From jewellery to new ports, the new discoveries reveal much more than previously known about the sunken cities.
Sitting 32km northeast of Alexandria, near the Canpoic Mouth of the Nile, the underwater city of Heracleion – also known as Thonis – has long been a point of fascination for historians and a pint of importance for both the Ancient Egyptians and Greeks.
The new archaeological season has seen a team of Egyptian and European researchers spend two months exploring the city’s remains – a pursuit that lead to discovering a new, destroyed part of the city’s main temple, a smaller Greek temple, pottery believed to be from the third and fourth centuries BC and bronze coins from the reign of King Ptolemy II between 283 to 246 BC.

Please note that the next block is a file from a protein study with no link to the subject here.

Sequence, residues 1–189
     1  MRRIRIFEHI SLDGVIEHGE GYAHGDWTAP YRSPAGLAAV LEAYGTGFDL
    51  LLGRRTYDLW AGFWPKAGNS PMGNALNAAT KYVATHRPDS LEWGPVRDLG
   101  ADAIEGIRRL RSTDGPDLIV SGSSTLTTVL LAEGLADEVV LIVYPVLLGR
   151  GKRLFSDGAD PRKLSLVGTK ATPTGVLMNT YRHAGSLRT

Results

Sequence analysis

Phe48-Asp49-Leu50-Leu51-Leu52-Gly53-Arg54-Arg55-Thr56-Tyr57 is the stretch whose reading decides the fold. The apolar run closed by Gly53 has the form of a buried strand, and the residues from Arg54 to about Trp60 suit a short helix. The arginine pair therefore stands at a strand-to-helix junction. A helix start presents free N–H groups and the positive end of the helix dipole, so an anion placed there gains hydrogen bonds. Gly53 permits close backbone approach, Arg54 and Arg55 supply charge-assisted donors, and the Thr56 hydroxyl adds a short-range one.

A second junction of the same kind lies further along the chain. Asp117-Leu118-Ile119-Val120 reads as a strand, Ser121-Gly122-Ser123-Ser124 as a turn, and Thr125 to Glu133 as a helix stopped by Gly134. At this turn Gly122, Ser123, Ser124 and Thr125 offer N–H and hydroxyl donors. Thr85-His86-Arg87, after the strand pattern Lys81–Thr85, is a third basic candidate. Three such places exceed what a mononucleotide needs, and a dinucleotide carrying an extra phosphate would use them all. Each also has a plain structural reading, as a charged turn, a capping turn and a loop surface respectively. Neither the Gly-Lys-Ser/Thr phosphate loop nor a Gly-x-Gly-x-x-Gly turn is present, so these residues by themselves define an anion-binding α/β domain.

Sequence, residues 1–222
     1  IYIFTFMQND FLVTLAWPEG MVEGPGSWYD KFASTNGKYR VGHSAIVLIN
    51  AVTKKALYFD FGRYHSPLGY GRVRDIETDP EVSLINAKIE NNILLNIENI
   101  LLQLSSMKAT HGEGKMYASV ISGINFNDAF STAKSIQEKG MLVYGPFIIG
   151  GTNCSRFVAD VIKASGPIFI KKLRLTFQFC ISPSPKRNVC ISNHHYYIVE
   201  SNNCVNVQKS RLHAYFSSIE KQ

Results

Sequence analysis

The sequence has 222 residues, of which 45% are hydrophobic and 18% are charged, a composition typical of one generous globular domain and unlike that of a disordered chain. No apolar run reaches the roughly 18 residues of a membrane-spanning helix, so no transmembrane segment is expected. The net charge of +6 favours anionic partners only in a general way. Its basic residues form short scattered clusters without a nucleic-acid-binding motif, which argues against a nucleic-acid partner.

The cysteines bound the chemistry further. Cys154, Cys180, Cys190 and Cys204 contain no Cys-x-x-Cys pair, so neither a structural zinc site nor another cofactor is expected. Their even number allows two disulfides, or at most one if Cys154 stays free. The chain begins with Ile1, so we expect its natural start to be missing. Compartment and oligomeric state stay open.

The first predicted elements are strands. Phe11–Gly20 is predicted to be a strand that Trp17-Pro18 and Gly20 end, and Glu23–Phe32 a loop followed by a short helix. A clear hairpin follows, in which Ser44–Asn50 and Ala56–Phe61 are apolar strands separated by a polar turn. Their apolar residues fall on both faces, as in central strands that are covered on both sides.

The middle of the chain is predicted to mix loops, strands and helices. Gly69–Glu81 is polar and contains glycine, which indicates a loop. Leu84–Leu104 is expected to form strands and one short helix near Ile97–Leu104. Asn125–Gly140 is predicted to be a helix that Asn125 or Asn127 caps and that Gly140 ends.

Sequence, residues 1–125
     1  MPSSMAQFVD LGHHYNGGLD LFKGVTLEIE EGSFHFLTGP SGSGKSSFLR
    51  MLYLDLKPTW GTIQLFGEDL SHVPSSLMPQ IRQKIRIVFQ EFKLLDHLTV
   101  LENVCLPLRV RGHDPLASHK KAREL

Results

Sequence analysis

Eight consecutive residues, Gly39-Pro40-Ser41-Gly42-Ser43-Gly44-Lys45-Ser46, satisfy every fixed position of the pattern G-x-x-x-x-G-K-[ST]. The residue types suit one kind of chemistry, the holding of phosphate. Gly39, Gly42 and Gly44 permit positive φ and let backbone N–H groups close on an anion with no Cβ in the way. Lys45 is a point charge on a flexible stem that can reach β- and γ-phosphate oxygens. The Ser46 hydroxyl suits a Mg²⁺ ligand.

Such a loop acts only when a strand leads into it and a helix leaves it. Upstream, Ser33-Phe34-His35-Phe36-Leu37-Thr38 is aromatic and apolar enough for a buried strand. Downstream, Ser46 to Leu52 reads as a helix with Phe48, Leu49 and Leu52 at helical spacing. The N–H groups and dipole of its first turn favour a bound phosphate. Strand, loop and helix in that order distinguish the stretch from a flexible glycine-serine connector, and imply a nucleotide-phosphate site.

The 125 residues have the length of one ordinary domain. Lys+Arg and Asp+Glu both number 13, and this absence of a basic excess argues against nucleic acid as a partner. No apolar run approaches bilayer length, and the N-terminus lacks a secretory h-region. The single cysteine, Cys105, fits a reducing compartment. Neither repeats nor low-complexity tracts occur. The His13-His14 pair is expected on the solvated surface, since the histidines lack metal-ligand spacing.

More significantly, however, is that the city is larger than previously thought. The team also found several new ports, which expand the city’s map, in addition to the expansion to the map of another nearby sunken city, Canopus, after the discovery of the remains off several buildings, alongside coins and jewellery.
Full details of the findings will be revealed through a series of academic journals throughout the year.
Photos courtesy of Christoph Gerigk/Franck Goddio/Hilti Foundation